In a post on June 11 with the title The Other Visual Language Interpreters, I described a very complex situation that arose when sign language interpreters and voice interpreters were both in action at the same meeting. Here’s the description of another such event which was perhaps even more complex. It comes from a book by Andrew Owen (see References). Andrew is a Communication Support Worker, supporting Deaf students in secondary schools, colleges and Universities in London UK. He’s is the founder and Vice Chair of the Association of Communication Support Workers. He believes in practical solutions to fit situations irrespective of professional dogmas – or mantras as he calls them.
“An interesting event happened at a church meeting for deaf people in England. A group of Japanese Deaf people was visiting (Japanese sign language is completely different to British Sign Language). A Deaf Japanese pastor was asked to address the meeting. His son was there, a Japanese sign language interpreter, who knew little spoken English. There was another pastor in their party, a hearing man who knew both spoken English and Japanese. The interaction was as follows: when the Japanese Deaf pastor signed, the Japanese interpreter voiced into spoken Japanese; the hearing pastor then interpreted into spoken English; a British interpreter then signed into BSL for the British Deaf people. The story doesn’t end there, because unfortunately some hearing people at the back of the meeting could not hear the spoken English interpretation, so a lady sitting with them who knew BSL voiced over (chuchotage) from the BSL interpretation for their benefit. Also at the meeting was a Deaf man from Ghana. He didn’t understand BSL, so a member of the church (a Deaf man) interpreted from BSL into ASL, the sign language of Ghana. Interestingly, a hearing man in the meeting was taking notes so he was asked for a copy of his notes for clarification. He replied it would be of no benefit, because he had written the notes in his native language, Romanian.”There’s an important difference between the setup that I witnessed and the one Andrew describes. In my case, all the interpreters were Professional Experts. Whereas at the Japanese-English event there seems to have been a mixture. The Japanese sign language interpreter was no doubt an Expert, and likewise the English to BSL interpreter. The hearing pastor who interpreted from spoken Japanese to spoken English, and the lady at the back of the meeting who shadowed the English interpretation from the BSL interpretation, were probably not. The BSL to Ghanaian ASL was probably not an Expert either. Work it out! The non-Experts were probably Advanced Native Interpreters who happened to be members of the church. I’ll come back some other time to the Romanian.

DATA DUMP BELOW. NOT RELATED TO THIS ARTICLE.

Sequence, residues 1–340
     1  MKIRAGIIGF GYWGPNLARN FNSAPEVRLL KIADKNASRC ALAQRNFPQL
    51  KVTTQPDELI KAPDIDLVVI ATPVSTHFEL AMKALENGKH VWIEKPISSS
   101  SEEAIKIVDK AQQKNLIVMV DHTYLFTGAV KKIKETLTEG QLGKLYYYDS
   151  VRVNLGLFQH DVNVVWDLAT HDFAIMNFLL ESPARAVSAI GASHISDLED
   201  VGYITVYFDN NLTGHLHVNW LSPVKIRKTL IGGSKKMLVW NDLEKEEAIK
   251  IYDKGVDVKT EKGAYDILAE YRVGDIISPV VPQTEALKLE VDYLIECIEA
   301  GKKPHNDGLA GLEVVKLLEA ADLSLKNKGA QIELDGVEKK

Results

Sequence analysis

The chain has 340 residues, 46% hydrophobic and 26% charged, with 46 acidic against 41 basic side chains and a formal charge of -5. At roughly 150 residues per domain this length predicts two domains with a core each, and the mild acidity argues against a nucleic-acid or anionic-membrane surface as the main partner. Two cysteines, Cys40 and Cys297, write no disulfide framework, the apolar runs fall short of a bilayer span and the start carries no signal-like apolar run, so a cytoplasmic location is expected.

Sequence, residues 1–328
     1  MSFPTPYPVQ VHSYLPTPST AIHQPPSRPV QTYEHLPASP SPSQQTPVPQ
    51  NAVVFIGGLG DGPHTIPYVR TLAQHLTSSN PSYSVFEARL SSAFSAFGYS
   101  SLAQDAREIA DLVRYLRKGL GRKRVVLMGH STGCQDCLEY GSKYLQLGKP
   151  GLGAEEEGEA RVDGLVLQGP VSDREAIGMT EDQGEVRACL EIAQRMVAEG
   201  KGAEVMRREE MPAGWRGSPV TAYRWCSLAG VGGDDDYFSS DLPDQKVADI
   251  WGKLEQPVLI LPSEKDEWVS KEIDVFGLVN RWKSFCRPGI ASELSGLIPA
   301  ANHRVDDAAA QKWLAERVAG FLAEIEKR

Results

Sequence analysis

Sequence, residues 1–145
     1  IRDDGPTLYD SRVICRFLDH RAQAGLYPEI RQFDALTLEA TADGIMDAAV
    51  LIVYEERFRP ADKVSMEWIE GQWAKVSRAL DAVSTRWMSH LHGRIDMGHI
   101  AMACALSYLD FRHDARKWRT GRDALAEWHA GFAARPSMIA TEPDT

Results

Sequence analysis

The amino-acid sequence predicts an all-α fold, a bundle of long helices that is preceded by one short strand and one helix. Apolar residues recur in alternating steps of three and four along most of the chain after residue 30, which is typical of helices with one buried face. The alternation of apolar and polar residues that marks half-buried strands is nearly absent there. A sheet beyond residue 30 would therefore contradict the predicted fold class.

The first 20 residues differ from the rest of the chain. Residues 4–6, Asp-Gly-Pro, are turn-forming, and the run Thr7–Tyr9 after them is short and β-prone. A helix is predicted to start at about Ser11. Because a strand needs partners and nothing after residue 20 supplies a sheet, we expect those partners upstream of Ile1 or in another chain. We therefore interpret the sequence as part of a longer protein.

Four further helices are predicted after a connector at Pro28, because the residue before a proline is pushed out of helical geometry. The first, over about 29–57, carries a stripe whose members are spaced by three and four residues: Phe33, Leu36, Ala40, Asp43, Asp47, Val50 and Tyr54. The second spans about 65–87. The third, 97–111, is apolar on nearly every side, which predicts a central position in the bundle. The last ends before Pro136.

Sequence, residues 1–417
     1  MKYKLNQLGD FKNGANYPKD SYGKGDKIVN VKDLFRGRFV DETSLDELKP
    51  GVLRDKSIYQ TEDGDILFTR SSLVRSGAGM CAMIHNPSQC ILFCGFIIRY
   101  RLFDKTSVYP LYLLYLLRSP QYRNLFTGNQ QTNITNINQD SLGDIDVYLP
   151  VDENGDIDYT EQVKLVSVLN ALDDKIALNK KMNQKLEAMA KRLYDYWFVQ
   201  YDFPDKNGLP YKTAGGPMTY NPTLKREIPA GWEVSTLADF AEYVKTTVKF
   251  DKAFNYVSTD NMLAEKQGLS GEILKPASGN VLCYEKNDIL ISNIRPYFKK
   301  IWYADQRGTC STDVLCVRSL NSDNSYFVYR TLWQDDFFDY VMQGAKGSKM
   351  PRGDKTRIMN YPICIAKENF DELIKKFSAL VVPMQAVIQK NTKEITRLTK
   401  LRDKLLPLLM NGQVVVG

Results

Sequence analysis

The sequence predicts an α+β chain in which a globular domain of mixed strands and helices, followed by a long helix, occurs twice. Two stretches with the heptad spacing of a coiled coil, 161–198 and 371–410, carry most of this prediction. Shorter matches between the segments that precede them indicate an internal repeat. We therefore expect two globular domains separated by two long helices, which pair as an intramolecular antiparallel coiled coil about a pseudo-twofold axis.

Chuchotage. A borrowing from French. Used by Expert Interpreters to mean whispering, which is also used as a synonym for it. The interpreter sits or stands next to or right behind the listener or listeners and ’whispers’ the interpretation to them. The interpreting mode may be simultaneous or short consecutive. In practice the ‘whispering’ may be true whispering or may mean speaking sotto voce.
Pros: It needs no equipment and is a natural process, though it requires experience or training to do it well. Unfortunately it’s largely ignored in interpretation courses in spite of its usefulness.
Cons: (a) It must be done quietly enough not to disturb the other people present who don’t want it, and (b) This limits its audience to a maximum of about four persons and an optimum of one.
Andrew Owen. Not Hearers Only: A Practical Ministry for Deaf People in the Local Church. London UK and Oberlin OH: Wakeman, 2007. 135 pages, paperback. UK £9.95.